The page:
The wilderness, forests, desert, beach, mountain…what to expect from this Garden Route we were now driving towards? Everyone in the Karoo (that is all the three people we had left there) seemed to place a high premium on it. When Takalani pulled in front of the Drifters Knysna Lodge (say ‘naisna’), we knew that for the next three days, we would relax. For having slept on a wooden bench back in the camping days, we were now re-discovering the pleasures of comfort. The Wi-Fi, too, to the point of almost spending Christmas Eve in sheer non-communication, wired. The lodge also offered a surreal view of the bay, on which the light continuously altered colours, from dusk till dawn.
We are in the well-off people’s South African zone. Compared to the townships we passed by that stretched far into the horizon, Knysna might well be the African version of Monaco: rather posh and jet-set, perfectly safe to walk at night, a place for rich (and almost exclusively) white people. Boats and yachts of different sizes ornament the shore. As if to spoil the flawlessness a bit, it starts to rain substantially, compromising the chances to walk part of the “Otter trail” in the Tsitsikamma National Park, as foreseen in the planning.
Turns out we’re going for it anyway, with one slightly less motivated Takalani – for having followed him for some days now, I know for a fact that he does not like to walk, and he moderately appreciates standing out in the rain (same as everyone else). Now that we were about to start a three-hour walk under the rain, Takalani was all-focused on how to contain his enthusiasm best. While in the Drakensberg he announced a hike for the relatively fit which turned out to be a Koh-Lanta challenge or close to an assault course for some, he now warns us about a very difficult trail ahead.
“Hé guys”, says he in the whipping rain and wind before giving the green light to our new bit of adventure, “this is a dangerous trek. We must walk on rocks; some of them are sharp and will be slippery on this kind of weather. And in some places, if you fall, you can really break something.” Eyes blink on blank faces. “Most of you don’t have trekking shoes, so pay attention. Those who don’t want to come, please, don’t take risks.” The line breaks at once and we have volunteers for standing aside and waiting. The rest of us give it a try; after all, we can always come back, should the attempt truly reveal itself audacious. Break a leg?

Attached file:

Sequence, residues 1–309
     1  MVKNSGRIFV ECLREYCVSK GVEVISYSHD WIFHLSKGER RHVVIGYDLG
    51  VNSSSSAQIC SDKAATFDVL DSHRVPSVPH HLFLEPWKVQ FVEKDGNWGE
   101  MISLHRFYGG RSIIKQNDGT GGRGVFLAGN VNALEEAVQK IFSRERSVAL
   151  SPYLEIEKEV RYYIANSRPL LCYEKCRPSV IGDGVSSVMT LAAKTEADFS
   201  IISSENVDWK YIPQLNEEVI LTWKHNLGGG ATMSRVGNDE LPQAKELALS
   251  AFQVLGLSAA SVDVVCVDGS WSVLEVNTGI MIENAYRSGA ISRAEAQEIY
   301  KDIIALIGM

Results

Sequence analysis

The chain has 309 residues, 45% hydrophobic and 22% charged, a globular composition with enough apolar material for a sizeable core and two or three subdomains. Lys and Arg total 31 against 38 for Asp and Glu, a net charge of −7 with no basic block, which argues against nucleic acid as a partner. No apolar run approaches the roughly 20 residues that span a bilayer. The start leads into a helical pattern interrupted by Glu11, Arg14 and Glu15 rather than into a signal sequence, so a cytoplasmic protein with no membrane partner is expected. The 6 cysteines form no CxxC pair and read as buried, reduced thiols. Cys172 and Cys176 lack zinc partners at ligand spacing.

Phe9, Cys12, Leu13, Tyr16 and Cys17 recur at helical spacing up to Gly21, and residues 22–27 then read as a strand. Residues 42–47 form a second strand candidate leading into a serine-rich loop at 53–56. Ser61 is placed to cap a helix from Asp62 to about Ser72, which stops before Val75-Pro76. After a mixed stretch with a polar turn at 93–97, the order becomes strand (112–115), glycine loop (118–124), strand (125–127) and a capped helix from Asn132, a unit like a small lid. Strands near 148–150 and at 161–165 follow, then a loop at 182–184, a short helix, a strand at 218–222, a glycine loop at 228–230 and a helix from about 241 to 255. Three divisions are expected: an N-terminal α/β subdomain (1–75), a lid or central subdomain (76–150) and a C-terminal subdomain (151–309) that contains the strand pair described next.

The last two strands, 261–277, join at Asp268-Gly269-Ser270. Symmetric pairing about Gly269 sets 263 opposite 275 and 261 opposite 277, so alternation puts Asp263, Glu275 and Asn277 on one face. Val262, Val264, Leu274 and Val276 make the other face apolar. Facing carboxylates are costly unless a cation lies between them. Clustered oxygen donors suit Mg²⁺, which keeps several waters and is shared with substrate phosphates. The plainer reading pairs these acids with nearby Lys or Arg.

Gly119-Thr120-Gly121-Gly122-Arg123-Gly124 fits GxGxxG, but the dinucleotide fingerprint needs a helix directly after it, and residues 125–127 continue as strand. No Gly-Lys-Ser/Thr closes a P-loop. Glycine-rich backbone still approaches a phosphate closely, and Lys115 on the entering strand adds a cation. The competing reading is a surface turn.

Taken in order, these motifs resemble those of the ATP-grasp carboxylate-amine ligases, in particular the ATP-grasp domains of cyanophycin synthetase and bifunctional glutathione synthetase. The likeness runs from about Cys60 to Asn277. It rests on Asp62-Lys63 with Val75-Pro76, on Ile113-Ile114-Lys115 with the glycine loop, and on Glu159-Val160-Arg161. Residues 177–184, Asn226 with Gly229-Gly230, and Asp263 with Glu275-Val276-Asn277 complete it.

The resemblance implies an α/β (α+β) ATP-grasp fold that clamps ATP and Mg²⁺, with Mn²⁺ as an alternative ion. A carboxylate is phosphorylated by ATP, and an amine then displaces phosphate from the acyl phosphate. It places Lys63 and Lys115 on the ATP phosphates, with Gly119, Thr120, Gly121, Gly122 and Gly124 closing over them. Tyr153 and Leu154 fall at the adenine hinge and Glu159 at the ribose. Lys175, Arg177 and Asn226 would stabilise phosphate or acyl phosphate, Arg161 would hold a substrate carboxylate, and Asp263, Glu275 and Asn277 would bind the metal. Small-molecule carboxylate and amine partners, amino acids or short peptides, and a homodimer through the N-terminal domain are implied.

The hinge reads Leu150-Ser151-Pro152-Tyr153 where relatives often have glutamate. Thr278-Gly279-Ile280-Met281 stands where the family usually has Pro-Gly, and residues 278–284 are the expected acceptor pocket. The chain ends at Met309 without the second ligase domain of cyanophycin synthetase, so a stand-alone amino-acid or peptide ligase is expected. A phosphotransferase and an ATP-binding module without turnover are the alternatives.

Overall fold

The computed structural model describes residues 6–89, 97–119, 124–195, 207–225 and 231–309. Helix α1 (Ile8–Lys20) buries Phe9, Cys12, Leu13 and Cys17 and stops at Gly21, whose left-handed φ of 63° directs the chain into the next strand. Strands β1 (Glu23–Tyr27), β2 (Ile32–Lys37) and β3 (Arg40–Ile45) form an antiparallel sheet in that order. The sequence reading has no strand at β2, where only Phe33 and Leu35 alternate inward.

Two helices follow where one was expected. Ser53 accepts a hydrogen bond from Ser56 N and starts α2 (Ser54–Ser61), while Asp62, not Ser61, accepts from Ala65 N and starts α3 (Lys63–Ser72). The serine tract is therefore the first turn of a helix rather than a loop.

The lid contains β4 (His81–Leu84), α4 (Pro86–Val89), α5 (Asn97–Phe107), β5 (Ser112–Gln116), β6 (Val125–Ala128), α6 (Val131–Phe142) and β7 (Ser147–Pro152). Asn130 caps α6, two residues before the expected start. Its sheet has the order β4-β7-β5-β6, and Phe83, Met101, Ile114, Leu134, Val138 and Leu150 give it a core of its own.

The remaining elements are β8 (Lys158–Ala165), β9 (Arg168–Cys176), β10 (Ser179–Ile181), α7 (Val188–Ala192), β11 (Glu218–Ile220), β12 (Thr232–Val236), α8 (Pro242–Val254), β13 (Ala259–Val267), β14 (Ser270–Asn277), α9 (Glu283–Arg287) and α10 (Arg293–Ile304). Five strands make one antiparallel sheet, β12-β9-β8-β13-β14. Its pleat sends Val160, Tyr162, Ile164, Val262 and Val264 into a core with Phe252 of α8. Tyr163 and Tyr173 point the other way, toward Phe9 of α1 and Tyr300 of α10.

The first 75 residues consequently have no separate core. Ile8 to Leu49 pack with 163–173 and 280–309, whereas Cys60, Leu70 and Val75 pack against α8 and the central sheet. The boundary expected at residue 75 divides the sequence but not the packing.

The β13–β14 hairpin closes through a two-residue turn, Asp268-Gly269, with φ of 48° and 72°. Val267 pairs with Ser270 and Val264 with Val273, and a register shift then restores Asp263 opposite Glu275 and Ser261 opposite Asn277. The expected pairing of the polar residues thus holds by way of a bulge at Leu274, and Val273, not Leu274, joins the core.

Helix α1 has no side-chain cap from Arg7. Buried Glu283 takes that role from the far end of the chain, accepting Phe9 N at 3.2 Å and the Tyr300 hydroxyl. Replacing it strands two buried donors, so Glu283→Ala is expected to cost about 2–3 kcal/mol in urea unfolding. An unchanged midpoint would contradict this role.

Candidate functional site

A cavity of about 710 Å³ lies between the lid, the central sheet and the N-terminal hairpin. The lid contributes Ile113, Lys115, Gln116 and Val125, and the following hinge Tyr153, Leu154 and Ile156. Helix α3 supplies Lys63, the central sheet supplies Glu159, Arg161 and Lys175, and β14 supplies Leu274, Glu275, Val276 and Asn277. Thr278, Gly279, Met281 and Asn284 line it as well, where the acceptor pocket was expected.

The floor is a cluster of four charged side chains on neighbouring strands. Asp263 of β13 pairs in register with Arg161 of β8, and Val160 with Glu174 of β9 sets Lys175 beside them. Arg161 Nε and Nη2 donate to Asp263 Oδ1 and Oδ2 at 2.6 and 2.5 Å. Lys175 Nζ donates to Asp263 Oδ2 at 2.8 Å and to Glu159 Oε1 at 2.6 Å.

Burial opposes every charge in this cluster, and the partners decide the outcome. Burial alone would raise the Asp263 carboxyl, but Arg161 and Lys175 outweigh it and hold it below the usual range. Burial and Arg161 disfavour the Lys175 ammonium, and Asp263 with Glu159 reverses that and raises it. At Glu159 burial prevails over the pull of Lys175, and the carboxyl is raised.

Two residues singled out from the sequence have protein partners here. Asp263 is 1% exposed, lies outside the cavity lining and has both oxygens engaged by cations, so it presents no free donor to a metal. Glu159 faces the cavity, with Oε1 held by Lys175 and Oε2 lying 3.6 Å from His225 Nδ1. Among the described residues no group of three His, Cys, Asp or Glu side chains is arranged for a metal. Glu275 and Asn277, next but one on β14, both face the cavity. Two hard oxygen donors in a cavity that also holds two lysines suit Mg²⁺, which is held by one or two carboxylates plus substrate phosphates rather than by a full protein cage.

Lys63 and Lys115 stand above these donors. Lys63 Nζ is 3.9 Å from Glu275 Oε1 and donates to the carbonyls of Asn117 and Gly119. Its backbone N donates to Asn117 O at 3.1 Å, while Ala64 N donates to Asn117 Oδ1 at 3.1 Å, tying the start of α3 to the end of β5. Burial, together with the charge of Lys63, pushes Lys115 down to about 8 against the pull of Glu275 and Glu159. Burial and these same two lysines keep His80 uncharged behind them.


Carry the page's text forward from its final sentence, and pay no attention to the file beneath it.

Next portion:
Off we go, impossibly wet and in two minds about Taki’s speech. The road is beautiful, but we not dare to enjoy it too much at this stage, still expecting the worse to come. Indeed, the rocks are slippery and putting one foot in front of the other requires careful consideration for balance. Gradually, we understand that the secret is to move pole pole, slowly, cautiously. Also, put the camera in the day pack.
The end of the trail rewards us with a splendid view of a cascade (a surprise that our jewel of a guide has kept from us on purpose, doubling the joy of our discovery. The strategist in him might have also wanted to avoid giving us reasons to speed up). We are caught between a strongly agitated Ocean and a small and tranquil waterfall; Takalani and I sit down to contemplate the infinite field of water.
“Where does all this water come from?” the Vanda boy loses himself in reflectiveness.
“I don’t know,” I reply, adding up an extra layer to the profusion of the moment.
The hike was magnificent, an absolute must-do worth every step, every hand grip on the wet and cold stones, every little loss of balance and the inherent accelerated heartbeat. We were feeling mighty and wet in the mist that engulfed us and the coast.
On the way back to the comfy lodge we stop in the Tsitsikamma Khoisan village, the entry point to the world’s highest bungee jumping: 216m from the Bloukrans Bridge. The jump may be high, but the price wasn’t any lower! Watching people throw themselves off that bridge, one after the other, queuing up for it, was quite the show. Now, if I could have potentially handled the jump, I am not sure how I would have dealt with the stress of waiting in that line, though. Instead, I went to the cafeteria to watch on a giant screen those who had nothing better to do that day than go down into the void head first, tight to a rope that would hopefully pull back after reaching its limit.
Knysna is where I also discovered that Christmas is much holier when celebrated in the sun, on the beach. No carols, no tree, no presents – long live the Christmas suntan! The water was limb-freezing cold and the sharks might have been a bit of a spoiler, though: I had been swimming for a while when I finally noticed that everyone else was perfectly lined up at the same level along the shore, waist-deep in the water. I paddled back for my life when I understood why.
In the evening, Takalani took us to one of the best local restaurants. On the menu: zebra steak. Even though I like to think of myself as a sworn non-horse eater or the like, fork and knife in hand I ended up savouring the tenderest meat I have ever known. The worst is that I enjoyed it!
Come the night, we walked the streets. Because we could. Knysna made us forget that we were on the African continent. This is the beauty of South Africa: it is Europe and Africa combined, put in a bowl and shaken in the same way in which you’d prepare a cocktail. Things found a place of their own upon falling randomly. And the dazzling diversity ensued.
Cape Town is our next and last stop in this journey. Just when I thought things could not get any better…